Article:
Prof. McMahon, 'Tuned Track' Creator, Dies at 55

A memorial service will be held this afternoon for Thomas A. McMahon, McKay professor of applied mechanics and of biology, who will be remembered for his achievements in the field of the physics of animal motion.

McMahon died Sunday in his home in Wellesley where he was recovering from surgery. He was 55.

Friends and colleagues remembered McMahon as a scholar devoted to his work and students.

"He was a dedicated teacher and a warm supporter of his friends," said Dean of the College Harry R. Lewis '68.

"Tom was an extraordinary person who was able to do enormous amounts of work, yet still have time for graduate and undergraduate students. He was nominated by doctoral students for several mentoring awards," said McKay Professor of Mechanical Engineering Frederick H. Abernathy.


In addition, friends remembered McMahon's wide range of interests in various disciplines. "He was a marvelous person of great talent in a variety of areas. He's written novels and plays and was involved in various local hospitals," Abernathy said.

Originally trained as an engineer McMahon helped design a special springy running surface known as the "tuned" track in Harvard's Gordon indoor Track and Tennis Facility. According to Lewis, McMahon filmed runners running on various surfaces ranging from foam rubber to poured cement and then observed the mechanics of their motion.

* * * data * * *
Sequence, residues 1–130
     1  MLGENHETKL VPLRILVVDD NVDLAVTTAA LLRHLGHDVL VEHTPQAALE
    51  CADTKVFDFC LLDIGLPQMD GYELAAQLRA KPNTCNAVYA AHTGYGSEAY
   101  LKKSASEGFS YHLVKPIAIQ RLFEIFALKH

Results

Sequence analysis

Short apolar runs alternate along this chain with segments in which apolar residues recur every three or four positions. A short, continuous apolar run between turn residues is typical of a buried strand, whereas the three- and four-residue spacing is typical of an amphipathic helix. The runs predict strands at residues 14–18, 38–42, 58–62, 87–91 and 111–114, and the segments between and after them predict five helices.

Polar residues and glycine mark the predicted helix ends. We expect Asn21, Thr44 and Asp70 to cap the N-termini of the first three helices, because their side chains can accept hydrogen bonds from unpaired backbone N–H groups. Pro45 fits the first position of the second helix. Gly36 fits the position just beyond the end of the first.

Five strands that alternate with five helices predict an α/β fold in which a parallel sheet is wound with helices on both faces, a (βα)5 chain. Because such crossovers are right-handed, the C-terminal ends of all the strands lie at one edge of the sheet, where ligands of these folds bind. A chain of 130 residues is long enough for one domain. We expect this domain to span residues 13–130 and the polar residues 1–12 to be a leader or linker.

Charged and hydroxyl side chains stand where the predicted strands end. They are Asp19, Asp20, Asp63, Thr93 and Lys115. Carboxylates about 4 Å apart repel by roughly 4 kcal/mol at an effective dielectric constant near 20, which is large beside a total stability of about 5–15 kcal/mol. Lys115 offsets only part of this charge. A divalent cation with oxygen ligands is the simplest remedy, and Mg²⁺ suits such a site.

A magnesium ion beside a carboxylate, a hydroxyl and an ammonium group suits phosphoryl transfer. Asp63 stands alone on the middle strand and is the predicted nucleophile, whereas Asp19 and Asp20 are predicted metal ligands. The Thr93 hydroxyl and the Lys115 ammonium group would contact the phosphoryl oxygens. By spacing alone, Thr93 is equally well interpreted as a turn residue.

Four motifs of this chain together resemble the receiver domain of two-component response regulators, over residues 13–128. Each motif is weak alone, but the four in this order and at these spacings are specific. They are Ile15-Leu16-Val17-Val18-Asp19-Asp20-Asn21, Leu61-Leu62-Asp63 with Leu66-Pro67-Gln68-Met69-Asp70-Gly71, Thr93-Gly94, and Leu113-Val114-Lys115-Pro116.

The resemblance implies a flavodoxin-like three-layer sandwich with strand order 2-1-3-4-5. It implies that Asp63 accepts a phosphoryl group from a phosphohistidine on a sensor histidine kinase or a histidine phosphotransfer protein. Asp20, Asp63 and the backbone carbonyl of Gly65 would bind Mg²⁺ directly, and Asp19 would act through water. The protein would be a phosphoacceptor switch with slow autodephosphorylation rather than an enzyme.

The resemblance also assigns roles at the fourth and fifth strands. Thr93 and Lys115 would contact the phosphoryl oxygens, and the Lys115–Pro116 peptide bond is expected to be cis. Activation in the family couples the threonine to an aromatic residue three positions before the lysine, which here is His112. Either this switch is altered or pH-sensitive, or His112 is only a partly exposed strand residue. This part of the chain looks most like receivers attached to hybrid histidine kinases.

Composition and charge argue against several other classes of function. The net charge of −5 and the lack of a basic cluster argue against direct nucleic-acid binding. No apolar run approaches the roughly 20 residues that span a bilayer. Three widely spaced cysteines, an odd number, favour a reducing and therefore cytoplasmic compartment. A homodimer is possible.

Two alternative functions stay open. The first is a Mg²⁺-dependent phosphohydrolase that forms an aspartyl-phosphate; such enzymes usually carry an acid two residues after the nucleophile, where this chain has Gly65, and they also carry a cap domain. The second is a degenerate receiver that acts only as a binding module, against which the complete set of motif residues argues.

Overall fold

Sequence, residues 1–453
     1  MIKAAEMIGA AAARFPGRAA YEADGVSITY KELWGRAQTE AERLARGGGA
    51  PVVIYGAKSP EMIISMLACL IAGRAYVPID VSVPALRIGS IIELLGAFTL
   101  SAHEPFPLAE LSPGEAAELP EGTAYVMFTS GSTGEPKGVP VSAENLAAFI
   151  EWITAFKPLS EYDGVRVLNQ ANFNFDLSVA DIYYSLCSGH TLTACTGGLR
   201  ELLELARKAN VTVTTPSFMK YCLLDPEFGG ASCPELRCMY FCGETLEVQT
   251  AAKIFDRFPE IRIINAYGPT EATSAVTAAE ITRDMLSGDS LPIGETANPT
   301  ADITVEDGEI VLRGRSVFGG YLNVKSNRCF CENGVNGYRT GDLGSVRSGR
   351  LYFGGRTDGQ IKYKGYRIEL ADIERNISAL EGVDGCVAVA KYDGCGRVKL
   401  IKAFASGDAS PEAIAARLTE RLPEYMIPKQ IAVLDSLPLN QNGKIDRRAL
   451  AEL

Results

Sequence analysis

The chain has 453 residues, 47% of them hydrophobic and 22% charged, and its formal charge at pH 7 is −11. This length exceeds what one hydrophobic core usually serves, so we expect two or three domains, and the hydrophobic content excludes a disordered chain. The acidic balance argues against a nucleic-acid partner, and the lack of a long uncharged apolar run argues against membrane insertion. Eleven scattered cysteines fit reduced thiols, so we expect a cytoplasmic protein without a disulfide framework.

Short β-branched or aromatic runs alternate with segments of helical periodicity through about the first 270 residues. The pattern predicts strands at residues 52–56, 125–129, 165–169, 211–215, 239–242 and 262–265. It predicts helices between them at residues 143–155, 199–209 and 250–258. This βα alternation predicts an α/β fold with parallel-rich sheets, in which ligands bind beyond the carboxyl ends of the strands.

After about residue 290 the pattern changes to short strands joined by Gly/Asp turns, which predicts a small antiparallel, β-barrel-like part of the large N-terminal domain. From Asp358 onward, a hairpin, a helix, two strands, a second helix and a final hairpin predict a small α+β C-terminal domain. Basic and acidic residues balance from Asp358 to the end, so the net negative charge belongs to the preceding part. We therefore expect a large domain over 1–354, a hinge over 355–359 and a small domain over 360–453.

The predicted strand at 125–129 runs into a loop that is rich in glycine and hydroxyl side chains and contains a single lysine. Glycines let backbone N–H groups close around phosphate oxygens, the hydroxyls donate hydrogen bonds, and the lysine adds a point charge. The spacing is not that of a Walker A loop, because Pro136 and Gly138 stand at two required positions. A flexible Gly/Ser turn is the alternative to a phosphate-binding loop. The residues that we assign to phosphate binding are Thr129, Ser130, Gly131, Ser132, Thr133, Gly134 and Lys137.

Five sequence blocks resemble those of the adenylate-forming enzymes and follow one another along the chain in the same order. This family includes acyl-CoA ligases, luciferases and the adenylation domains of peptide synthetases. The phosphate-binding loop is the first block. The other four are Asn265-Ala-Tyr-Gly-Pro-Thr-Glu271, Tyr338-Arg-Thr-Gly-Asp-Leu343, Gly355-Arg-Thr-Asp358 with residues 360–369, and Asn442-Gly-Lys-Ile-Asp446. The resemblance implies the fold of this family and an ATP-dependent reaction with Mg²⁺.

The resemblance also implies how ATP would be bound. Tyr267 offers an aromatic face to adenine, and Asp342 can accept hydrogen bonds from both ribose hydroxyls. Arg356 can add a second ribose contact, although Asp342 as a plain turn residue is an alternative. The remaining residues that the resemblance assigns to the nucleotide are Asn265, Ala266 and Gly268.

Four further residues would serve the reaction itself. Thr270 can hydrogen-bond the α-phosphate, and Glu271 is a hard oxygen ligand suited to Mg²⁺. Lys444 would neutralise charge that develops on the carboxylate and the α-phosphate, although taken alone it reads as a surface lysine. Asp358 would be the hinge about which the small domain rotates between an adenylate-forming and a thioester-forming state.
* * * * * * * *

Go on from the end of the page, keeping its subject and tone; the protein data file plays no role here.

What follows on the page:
"He was able to find just the right degree of bounce to maximize speed, and that design also had a big effect in reducing injuries," Lewis said.

Subsequent "tuned" tracks were installed at Yale University and at Madison Square Garden in New York and are credited with improving running times as well as cutting the number of injuries in half.

Most recently, McMahon gained attention for his work explaining the mechanisms behind the ability of the basilisk lizard--also known as the "Jesus Christ Lizard"--to run so fast across rivers as to appear to walk on water.

In addition to his work in biology and mechanics, McMahon was also an accomplished writer who received acclaim for several novels in which scientists were the protagonists. His 1987 novel Loving Little Egypt won him the American Academy of Arts and Letters' Rosenthal Award. McMahon also authored Principles of American Nuclear Chemistry: A Novel and McKay's Bees.

McMahon explained to the Harvard Gazette in October 1993 that he wanted to inform the public about the science behind various inventions and everyday objects.

"I enjoy weaving such elements into fictional stories that inform people and divert them from their everyday cares," he said.

McMahon was born in Dayton, Ohio and raised in Lexington. He completed his undergraduate studies at Cornell University before earning a master's degree and doctorate from MIT.

He is survived by his wife, Carol E. McMahon, a son, James R. McMahon and a daughter, Elizabeth K. McMahon.

The memorial service will be held today at 2 p.m. at Story Chapel at the Mt. Auburn Cemetery in Cambridge.